Others on the list include: Paul Stephenson, the former Vote Leave communications director who is now a partner in PR firm Hanbury Strategy; James Starkie, who was seconded to No 10 from the Home Office and now runs his own PR firm; Damon Poole, who now works as a special adviser to Health Secretary Sajid Javid; Hugh Bennett, who remains in No 10 as a Brexit adviser; Chloe Westley, also a special adviser at No 10; and Ben Warner, the Vote Leave data guru whose analysis of the pandemic was pivotal in triggering the first lockdown.
None of them has said or done anything to suggest they might ever have plotted against the Prime Minister. One other former Vote Leave figure, though, does have a track record of stabbing Boris Johnson in the back: Michael Gove.
Cummings, of course, used to work for Gove when he was education secretary, and always seems to have had a higher opinion of the Cabinet Office Minister than of the Prime Minister.
Cummings told the BBC that he had brokered a deal after the 2016 EU referendum victory which would see Johnson installed as prime minister because: “Michael did not want to run for the leadership contest – he would be chancellor.”
In the event, Gove decided he did want to run for leader, having decided Johnson was not up to the job. Johnson withdrew from the leadership contest as a result, and Theresa May became prime minister.
When Johnson did get the top job (after beating Gove in the 2019 leadership contest), he did not make Gove chancellor. So was Cummings plotting with Gove after Johnson’s landslide election victory? And was his reference to “a few dozen” people merely a smokescreen to protect the tiny circle of people who really were discussing Johnson’s downfall?
One former associate of Cummings said: “His suggestion that discussions were going on in No 10 about getting rid of the Prime Minister just doesn’t ring true, because that’s not how he operates.
“If he was really plotting something like that, he would have arranged a meeting at someone’s house, with a maximum of four or five people present, and kept it well away from the workplace.”
Cummings may have inadvertently provided a clue as to who else might have wanted the Prime Minister gone.
He told Laura Kuenssberg that: “We only got him in there because we had to solve a certain problem, not because he was the right person to be running the country.”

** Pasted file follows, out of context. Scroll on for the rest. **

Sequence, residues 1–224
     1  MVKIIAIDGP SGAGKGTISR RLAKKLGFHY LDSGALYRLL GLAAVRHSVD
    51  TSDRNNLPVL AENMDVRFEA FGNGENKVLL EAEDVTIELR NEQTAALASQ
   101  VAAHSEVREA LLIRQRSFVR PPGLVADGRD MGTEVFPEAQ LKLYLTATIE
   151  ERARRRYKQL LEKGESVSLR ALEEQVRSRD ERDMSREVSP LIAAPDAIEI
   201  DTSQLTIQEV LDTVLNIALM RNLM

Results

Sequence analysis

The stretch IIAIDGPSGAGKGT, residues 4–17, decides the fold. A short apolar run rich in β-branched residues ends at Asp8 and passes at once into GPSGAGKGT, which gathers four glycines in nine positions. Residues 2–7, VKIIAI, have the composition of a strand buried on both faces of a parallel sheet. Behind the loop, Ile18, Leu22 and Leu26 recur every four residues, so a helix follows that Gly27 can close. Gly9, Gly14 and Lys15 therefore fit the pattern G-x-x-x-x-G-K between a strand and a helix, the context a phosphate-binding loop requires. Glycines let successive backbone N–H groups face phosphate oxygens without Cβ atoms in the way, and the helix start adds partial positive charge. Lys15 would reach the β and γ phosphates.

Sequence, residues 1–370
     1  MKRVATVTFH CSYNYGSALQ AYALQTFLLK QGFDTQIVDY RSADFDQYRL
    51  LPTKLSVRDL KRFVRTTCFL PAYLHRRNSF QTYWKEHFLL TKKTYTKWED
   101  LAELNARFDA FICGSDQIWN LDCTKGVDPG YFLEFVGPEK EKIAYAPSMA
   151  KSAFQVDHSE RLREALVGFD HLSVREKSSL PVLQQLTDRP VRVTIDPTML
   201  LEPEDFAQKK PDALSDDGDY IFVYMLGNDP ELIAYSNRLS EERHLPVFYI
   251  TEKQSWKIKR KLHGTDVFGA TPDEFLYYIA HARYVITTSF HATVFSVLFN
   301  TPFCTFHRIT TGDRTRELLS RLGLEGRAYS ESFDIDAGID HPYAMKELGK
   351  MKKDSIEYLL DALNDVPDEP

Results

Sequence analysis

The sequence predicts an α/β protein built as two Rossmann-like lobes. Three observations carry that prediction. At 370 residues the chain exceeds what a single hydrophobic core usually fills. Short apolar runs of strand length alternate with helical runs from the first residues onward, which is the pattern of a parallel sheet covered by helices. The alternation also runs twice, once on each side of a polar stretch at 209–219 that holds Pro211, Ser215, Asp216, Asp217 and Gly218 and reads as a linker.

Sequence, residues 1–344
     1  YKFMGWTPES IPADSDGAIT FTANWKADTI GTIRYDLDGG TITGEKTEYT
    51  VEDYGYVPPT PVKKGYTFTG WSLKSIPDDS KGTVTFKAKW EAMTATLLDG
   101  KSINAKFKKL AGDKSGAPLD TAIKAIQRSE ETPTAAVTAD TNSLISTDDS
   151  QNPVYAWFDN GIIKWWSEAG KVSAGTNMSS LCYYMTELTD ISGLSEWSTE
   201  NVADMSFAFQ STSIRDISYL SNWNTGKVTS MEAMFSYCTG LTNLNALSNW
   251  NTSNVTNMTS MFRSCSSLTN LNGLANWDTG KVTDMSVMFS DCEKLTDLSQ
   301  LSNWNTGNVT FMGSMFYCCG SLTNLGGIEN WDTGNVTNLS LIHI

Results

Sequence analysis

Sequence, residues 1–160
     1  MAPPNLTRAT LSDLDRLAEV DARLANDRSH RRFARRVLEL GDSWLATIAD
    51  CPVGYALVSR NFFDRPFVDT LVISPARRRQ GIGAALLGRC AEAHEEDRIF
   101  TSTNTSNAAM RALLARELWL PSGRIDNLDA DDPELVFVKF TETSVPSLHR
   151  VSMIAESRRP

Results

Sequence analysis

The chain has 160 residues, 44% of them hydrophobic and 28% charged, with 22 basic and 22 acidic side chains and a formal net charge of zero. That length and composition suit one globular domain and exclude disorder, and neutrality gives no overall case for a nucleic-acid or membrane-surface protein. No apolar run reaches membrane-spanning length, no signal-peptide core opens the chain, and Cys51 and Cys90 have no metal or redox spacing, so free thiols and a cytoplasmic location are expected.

His reasoning was that: “He doesn’t have a plan, he doesn’t know how to be Prime Minister.” He added: “I thought he had some abilities in some ways, also kind of completely hopeless in some ways.”
Cummings’ choice of words had distinct echoes of Gove’s bombshell speech in 2016 when announced that, instead of backing Johnson for Tory leader, he was going to run against him because: “I came to realise this week that, for all Boris’s formidable talents, he was not the right person for the task.”
The comparison was noted by people who have worked closely with the two men. One Whitehall insider said: “This whole idea of a coup sounds like two people in a room who have got drunk on their own success. Or someone else’s success, to be more accurate.”
A friend of Gove said: “Michael and Dom haven’t spoken for months, and barely spoke when Dom was in government. Anyone pushing these mad conspiracy theories has no clue what actually goes on.”
Another well-placed source said: “Does Dominic Cummings think Boris Johnson was a superb PM from July 2019 until the election in December, and then suddenly he was a terrible prime minister days after winning a landslide?”
The same source said: “I was not one of the PM’s natural allies but I was never approached by Dom or anyone close to him about any kind of coup. The claim that they were talking about this within days of a massive election win is nuts. I can’t decide if he is just making this stuff up or he has managed to convince himself that it happened. It’s sad really.”
Another Downing Street insider said: “When he talked about this idea of getting rid of the PM in the BBC interview that was the first I had heard of it, and as far as I know the same goes for everyone else.
“I just can’t understand why he has said this and why he did the interview. He would always have advised other people to refuse to do this sort of interview, and it was completely ill-advised. It’s a shame, really, because he is incredibly talented but it will be hard for him to recover from this.”